3. 3. Page 3 UFED Basics Cellebrite makes mobile device evidence extraction available on two different platforms: the UFED Touch, or the UFED 4PC. The UFED 4PC is extraction software that can be installed on any PC platform, accessible and securable in the same way as any other PC-based software. The UFED Touch consists of standalone proprie- tary hardware, with the UFED software installed on the Microsoft® Windows® Embedded Stand- ard 2009 platform. Users can only access limited functionality—shut down, log on/off—and cannot access the Windows operat- ing system. The UFED Touch and UFED 4PC interfaces and architecture are exactly the same. UFED software is designed to execute only read com- mands, and to prevent the opportunity to alter it to issue write commands to mobile devices. While the operator should document which platform, version, and extraction type were used, no other differences fundamentally exist between UFED Touch and UFED 4PC extrac- tions. UFED operators should also adhere to the same best practices for both Touch and 4PC platforms that they do for any forensic computer installation: Isolate the forensic machine from the Inter- net while performing forensic examinations. Don’t store digital evidence on any comput- er that is or will be connected to the Internet at any time. If performing an over-the-air software update, the operator should not simultane- ously have an evidence device or evidence storage connected to the forensic machine. Extract mobile device evidence to a storage medium specifically designed and prepared for that purpose: a Flash drive, external hard drive, a location on an internal forensic network, or internal drive or partition within the forensic computer. As of April 2014, a permission management feature was included in the UFED 3.0 update. UFED Permission Management is an optional feature that allows forensic lab administrators to enforce operator accountability and limit search scopes, either based on extraction type or to specific data types. This way, administrators can control who performs extractions based on their level of training, job responsibilities, or other “right to know, need to know” criteria as specified in their organization’s policies or standard operating procedures. Cellebrite encourages all custom- ers who distribute mobile evidence collection in their organizations to use UFED Permission Management.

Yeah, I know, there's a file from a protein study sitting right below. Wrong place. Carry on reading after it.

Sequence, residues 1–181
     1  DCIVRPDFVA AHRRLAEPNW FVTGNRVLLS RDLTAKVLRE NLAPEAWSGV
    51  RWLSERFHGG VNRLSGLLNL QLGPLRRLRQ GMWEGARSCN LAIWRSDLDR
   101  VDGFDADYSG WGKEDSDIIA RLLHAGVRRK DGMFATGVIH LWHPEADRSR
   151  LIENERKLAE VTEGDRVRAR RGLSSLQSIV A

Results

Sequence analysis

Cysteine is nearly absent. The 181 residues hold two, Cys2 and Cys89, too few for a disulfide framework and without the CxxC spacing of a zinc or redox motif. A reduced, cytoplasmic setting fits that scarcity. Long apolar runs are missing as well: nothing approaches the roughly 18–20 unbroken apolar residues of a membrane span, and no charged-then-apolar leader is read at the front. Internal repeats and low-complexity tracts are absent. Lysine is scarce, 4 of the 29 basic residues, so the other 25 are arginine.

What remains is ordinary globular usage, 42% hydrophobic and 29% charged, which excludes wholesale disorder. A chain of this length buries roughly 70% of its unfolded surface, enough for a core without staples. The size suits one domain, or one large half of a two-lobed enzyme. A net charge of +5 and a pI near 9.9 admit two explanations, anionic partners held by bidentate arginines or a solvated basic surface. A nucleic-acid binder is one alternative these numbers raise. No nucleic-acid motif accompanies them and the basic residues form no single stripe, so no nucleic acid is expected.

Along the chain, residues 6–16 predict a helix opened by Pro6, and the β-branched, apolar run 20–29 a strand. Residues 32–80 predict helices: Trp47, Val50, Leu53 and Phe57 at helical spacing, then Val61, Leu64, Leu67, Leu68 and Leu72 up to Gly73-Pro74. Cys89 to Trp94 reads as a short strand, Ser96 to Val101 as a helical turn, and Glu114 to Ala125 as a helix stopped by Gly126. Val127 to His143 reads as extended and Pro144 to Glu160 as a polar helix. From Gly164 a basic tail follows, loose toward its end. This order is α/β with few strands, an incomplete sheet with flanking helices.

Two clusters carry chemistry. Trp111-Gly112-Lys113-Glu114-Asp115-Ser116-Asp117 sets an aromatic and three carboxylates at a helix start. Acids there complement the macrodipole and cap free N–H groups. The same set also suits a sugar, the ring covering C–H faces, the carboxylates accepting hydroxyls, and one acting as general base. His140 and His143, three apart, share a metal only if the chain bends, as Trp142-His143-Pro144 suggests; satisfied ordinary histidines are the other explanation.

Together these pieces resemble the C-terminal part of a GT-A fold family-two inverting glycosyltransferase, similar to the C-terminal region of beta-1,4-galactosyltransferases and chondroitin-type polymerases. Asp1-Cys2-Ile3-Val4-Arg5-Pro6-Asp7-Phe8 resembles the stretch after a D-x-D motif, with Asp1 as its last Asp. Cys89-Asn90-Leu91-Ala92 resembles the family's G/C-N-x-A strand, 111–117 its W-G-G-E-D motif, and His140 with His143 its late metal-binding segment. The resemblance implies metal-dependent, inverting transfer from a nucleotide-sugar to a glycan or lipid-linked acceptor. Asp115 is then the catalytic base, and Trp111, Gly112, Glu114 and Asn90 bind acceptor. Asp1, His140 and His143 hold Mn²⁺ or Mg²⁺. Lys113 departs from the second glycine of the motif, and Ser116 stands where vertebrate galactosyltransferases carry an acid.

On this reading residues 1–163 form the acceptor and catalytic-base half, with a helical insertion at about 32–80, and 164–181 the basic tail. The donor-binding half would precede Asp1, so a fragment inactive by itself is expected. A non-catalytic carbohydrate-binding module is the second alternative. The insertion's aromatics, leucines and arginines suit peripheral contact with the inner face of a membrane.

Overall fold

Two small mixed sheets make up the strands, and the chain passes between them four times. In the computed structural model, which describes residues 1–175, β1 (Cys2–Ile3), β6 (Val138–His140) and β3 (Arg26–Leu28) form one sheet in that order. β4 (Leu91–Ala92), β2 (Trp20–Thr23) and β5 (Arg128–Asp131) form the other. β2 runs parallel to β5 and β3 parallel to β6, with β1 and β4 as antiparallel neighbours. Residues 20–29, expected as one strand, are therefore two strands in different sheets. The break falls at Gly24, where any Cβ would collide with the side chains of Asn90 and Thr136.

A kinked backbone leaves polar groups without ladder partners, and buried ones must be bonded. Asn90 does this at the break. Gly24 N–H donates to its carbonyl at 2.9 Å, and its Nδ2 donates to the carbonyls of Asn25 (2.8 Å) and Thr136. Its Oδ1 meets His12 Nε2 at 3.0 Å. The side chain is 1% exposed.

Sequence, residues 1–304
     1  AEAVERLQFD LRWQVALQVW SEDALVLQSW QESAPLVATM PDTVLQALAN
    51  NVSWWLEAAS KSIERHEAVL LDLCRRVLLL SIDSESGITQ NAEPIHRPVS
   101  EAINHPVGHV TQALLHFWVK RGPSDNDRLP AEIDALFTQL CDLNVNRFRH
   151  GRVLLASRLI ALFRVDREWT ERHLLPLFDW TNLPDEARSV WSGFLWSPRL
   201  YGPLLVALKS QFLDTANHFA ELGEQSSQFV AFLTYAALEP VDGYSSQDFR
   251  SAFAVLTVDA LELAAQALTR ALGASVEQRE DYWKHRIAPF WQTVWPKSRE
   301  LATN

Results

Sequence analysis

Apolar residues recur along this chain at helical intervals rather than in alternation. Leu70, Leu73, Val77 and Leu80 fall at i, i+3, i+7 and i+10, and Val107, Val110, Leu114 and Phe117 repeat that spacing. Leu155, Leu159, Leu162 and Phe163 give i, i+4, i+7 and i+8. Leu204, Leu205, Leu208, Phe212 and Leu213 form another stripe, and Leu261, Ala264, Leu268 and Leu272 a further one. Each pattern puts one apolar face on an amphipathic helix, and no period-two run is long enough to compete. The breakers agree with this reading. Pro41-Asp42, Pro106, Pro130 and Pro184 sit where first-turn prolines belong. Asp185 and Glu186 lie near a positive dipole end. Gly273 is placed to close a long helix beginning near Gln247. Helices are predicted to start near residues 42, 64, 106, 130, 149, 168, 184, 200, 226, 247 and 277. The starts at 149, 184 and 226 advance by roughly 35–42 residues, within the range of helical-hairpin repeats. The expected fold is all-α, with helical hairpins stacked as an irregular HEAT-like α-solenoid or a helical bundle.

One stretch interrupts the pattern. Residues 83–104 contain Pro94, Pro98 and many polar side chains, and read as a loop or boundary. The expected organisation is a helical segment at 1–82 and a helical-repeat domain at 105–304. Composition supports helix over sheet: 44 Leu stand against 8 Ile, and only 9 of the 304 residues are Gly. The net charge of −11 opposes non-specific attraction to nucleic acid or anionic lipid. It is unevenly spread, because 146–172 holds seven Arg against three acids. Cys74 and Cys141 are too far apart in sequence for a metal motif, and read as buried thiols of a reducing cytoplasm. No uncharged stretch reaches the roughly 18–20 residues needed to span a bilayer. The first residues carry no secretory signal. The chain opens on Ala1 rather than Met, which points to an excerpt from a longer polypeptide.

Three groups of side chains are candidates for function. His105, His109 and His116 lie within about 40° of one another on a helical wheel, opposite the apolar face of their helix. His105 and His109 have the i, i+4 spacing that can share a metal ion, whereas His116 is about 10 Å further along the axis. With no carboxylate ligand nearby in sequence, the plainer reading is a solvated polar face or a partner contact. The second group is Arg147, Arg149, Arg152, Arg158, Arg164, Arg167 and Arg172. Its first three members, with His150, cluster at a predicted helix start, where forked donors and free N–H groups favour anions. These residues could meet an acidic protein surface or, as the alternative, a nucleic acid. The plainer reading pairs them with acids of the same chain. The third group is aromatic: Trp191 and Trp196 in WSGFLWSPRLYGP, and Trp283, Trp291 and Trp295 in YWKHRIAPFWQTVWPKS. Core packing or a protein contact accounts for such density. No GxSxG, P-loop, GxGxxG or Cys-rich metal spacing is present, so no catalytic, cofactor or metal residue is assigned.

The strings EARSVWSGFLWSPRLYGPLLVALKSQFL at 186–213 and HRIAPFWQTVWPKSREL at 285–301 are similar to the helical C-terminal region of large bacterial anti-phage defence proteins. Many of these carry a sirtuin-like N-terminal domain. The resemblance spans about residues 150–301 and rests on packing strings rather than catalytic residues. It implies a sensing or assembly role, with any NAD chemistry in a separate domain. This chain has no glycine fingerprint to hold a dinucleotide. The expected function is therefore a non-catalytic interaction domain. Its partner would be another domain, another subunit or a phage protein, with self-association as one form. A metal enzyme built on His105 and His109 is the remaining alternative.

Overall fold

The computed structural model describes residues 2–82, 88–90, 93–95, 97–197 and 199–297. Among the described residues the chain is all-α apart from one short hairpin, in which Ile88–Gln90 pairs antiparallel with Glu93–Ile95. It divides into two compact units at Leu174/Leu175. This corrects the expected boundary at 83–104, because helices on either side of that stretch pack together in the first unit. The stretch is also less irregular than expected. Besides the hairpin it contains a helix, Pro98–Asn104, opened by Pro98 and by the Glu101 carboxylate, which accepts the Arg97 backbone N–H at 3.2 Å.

4. 4. Page 4 Extraction Types There are two different methods of mobile device data extraction: logical and physical. (A third extraction type, the file system extraction, technically falls under the “logical” heading.) Different data types, if they are supported for the device, are available from each extraction category, as shown in the graphic below. In most cases, mobile phones are connected to the UFED device via a USB cable connection, which communicates with the phone to extract its data. The use of a USB connection provides a proven reliable channel upon which to copy data from evidence device to the forensic image. Depending on the subject phone’s OS, logical extractions may instead use USB/Bluetooth protocol APIs or, with older devices, serial proto- cols in order to extract the data. Operators should document which connection type they used for each extraction. In the rare instances when the extraction fails, the user must simply start the extraction over. The failure does not affect the quality or integrity of evidentiary data because it only affects the transmission of data from the device, not the data on the device. Logical SMS Contacts Call logs Media App data File System SMS Contacts Call logs Media App data Files Hidden Files Physical SMS Contacts Call logs Media App data Files Hidden Files Deleted data